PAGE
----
After Al’s short but highly eventful tenure at SSL, where he gained a reputation for being able to service just about anything, Al moved to Barbados (as you do) to become chief engineer at Eddy Grant’s Blue Wave Studios, where he ran the facility for projects such as Sting’s ‘Dream of the Blue Turtles’, and worked with the likes of Bryan Ferry, Mick Jagger and the Thompson Twins, amongst countless others.

He moved back to the UK the following year, working as a freelance engineer on projects with Peter Gabriel, Paul McCartney, and Joni Mitchell. It was through his working relationship with Mike Large, who had earlier joined Peter Gabriel from SSL, that Al subsequently became heavily involved in the planning and construction of Peter’s now iconic Real World Studios.

Al was, by this point in his career, already a highly credentialled audio engineer, as well as expert in everything from electronic design and maintenance to studio construction.

Everywhere he went from then on, Al was either designing studios (for people like Jamiroquai and Tears for Fears), developing customised in-house circuitry, modifying existing equipment or servicing and repairing endless faults. He even built entire music equipment systems for Peter Gabriel’s live tours.

Needless to say, as far as knowing how studios worked, or how they might be modified or improved, Al was all over it.

Smart Alan

It was probably inevitable then that Al Smart would eventually start making products for the wider world, rather than one-offs for individual studios where he worked, and so Smart Research was born.

Nowadays the brand is extremely well known amongst the professional audio community, and many who use Smart Research C1 and C2 compressors – which have been around for decades now – know them to be among the world’s best stereo mix bus compressors.

But what might come as a considerable shock to many who know the Smart Research name is that Al, these days, lives in Australia … somewhere in Melbourne … having married an Australian some years ago. Consequently, the Smart Research C1, C2 and C1LA compressors (amongst other variants and products) are made in Australia. Al is now even an Australian citizen, although he still has one foot firmly in the UK, communicating with people he knows over there in the middle of the night, most nights.

Al does have a second electronics wiz who also builds units for Smart Research in the UK, but these are subsequently tested by Al himself, in a somewhat extraordinary act of refusing to let go of the company reigns!

Future Smart

At his secret hideout in Melbourne, where Al and I recently spent a day talking the leg off a chair about all things audio, I was unexpectedly shown a small selection of Al’s many designs that are slated for future release (hopefully) – some of which are close to completion, while others are in their theoretical stage. I can’t divulge here what these consisted of, but what was extraordinary was just how many there were. Indeed, the accumulated stack of design paperwork stands taller than the man himself and grows nightly.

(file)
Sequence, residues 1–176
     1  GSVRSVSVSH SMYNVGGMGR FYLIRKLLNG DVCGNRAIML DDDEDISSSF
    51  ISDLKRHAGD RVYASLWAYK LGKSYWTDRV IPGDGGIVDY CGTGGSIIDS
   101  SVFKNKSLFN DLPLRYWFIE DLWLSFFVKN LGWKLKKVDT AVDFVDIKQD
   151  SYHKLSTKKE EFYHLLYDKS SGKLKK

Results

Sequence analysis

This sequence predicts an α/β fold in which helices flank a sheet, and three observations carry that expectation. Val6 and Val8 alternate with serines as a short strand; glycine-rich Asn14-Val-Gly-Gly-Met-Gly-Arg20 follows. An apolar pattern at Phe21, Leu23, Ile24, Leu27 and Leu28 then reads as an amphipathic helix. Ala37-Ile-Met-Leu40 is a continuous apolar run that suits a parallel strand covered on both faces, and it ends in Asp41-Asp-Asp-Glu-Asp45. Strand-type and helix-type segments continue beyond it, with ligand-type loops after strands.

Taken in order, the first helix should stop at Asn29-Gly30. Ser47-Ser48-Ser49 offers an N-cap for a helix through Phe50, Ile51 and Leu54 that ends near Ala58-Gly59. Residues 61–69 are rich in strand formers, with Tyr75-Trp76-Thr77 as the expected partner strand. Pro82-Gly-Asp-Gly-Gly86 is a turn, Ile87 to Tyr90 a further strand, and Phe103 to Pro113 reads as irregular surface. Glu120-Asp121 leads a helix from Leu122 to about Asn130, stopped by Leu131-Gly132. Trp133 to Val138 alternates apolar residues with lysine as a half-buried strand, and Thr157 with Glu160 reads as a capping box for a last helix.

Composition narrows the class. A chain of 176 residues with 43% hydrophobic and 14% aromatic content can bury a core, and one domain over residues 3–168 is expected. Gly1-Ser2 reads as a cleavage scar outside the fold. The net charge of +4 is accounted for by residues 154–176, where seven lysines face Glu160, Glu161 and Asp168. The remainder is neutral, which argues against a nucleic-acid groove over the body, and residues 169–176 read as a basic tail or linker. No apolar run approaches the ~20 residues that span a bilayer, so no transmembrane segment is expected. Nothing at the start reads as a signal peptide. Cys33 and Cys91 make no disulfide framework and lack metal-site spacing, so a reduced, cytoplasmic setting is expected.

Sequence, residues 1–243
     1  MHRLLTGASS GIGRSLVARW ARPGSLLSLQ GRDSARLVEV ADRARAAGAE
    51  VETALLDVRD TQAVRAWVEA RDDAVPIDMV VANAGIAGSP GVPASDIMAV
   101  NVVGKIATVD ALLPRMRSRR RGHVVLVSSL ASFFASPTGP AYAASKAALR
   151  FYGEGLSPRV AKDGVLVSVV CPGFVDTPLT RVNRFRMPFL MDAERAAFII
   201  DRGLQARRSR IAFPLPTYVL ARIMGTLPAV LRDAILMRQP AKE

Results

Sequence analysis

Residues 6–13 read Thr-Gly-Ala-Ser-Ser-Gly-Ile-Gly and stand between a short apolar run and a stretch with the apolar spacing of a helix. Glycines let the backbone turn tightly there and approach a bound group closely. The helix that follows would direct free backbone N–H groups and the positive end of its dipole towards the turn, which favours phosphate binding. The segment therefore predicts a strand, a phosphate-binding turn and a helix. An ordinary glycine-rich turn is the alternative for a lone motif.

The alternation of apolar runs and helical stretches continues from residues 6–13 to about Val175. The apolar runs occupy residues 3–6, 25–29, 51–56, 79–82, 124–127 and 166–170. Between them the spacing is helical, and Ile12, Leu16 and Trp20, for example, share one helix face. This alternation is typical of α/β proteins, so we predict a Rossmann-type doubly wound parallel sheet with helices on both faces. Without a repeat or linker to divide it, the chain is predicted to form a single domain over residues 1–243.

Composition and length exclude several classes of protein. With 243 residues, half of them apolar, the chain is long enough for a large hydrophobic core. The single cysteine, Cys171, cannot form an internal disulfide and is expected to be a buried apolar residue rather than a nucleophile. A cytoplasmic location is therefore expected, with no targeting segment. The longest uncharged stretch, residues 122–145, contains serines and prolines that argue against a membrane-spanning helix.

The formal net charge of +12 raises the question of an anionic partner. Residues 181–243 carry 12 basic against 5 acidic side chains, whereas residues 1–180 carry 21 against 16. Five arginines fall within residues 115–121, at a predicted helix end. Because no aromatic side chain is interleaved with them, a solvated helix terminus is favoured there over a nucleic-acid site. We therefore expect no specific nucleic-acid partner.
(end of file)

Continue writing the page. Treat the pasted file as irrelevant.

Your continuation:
Which begs the question: how can one man be the designer, developer, manufacturer, builder and then promoter of a catalogue of products without the whole enterprise remaining tiny, and never quite reaching its full potential?

In truth, it can’t.

This is why Smart Research has remained so esoteric, and the man himself remains less recognisable than the kid who knocks on your door delivering pizza. Al never goes out because he’s too busy building stuff!

So while Smart Research may be a well-known brand worldwide, much has changed in the last two decades in our industry, and in that time fledgling audio companies have grown into behemoths, older ones have passed into history while others still have enjoyed a renaissance.

Smart Research meanwhile has seemingly done none of these things. It has remained at the top of its game, albeit on a far smaller scale than other brands that have exploded in both scope and fortune, taking their owners away from the soldering iron (if indeed they were ever there) and onto a beach somewhere.

There are more pro audio brands and products on the market now than ever before, and the competition is fierce. Al Smart, meanwhile, has so many ideas and designs in the pipeline that Smart Research may yet become one of the world’s larger players. But to do that someone will need to lock Al in a cupboard for 12 months and ban him from touching a soldering iron for years to come.

I put this idea to Al, who paused briefly, then self-effacingly said:

“Andy, you’re right of course…”